Peculiar Decay

I continue to love THIS VERY THING.

Beirut has plenty of it--history-heavy houses, paint that bears the signs of it's age, wood that has had time's magic applied in quantity.

Love is always a complicated thing, certainly this isn't any different. I grew up in a world with an entirely different kind of decay, a totally different history. The decay of my childhood isn't beautiful to me, I don't love it and I don't praise it. I don't go looking for it when I visit my old home. American decay speaks of failure, of lost dreams and broken spirits. I'm tempted to say that it is provably uglier, but I know better.

And I don't mourn when American decay is torn down--unless it's a really remarkable structure. I'm glad to see it go.

Beirut's peculiar decay has it's own stories to tell. These old houses indicate failures and losses and damage too. But these aren't my stories.


  1. I reckon there is a 60 year mark here in Australia. If a building lasts that long there is good chance its qualities will be admired and it will live a long life. Younger than that fashion dictates that it has become simply undated, untidy and ugly so should be knocked down.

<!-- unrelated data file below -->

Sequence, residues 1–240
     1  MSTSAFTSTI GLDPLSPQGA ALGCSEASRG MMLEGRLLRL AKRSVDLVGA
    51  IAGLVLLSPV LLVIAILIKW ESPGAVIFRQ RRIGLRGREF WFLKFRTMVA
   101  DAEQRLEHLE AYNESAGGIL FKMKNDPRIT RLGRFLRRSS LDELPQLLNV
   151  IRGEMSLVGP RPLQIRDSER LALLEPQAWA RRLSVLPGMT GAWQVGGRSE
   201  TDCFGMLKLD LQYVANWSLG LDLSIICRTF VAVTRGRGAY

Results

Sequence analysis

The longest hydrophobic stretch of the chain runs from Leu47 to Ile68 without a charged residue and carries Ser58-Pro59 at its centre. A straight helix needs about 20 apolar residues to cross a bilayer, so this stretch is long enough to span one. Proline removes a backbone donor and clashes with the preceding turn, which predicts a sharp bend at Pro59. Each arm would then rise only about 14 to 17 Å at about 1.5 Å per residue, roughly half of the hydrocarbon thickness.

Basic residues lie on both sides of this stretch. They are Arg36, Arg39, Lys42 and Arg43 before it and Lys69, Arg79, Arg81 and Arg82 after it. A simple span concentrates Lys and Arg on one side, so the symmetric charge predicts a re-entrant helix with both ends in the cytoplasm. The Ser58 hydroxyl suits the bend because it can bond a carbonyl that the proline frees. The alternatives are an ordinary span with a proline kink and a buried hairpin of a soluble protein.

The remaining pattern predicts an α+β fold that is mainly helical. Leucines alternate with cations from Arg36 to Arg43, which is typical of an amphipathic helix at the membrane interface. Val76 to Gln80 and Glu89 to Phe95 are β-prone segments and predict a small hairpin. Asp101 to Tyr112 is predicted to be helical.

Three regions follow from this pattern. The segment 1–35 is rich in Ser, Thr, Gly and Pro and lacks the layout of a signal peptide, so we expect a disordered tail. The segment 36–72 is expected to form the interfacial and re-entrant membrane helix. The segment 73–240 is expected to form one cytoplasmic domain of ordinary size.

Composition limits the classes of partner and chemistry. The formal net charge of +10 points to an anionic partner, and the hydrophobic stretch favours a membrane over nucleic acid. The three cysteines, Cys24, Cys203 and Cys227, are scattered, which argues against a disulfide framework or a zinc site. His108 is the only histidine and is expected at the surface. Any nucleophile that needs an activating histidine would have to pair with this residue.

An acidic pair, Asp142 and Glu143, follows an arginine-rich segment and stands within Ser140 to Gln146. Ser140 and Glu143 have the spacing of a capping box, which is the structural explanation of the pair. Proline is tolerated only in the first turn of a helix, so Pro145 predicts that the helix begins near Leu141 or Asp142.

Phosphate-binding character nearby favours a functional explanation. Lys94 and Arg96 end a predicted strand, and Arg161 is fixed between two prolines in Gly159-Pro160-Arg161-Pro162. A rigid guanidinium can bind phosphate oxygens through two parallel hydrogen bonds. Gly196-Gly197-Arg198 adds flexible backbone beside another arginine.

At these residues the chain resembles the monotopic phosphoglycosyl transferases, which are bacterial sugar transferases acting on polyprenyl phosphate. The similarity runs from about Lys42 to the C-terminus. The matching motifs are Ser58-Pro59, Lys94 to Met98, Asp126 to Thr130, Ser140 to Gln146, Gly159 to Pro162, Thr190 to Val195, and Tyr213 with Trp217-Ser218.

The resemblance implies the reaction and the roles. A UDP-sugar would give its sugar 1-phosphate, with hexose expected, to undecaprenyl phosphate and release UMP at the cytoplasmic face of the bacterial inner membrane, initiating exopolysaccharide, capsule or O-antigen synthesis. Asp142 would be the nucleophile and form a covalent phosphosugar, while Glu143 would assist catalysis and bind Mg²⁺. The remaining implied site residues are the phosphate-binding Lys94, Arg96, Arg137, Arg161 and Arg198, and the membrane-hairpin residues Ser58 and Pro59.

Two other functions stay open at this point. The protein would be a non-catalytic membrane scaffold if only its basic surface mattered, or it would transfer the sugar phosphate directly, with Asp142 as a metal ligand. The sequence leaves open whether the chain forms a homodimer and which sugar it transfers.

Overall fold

This is a simply beautiful photo ... has a storybook quality.

  2. Looks like there are a few bullet marks there too...?

    Quite a bit of food for thought here. Decay and desolation take on the flavor of their culture and surroundings. You are certainly capturing Beirut's flavor quite beautifully. While back in the US in September I saw some abandoned, deteriorating places that spoke volumes about broken dreams, and not at all the same feel as ruins here in France. A fascinating subject...

  3. I love all the pictures of the old houses you post :)

  4. Thanks Al! Good luck with your life in 5" heels. :)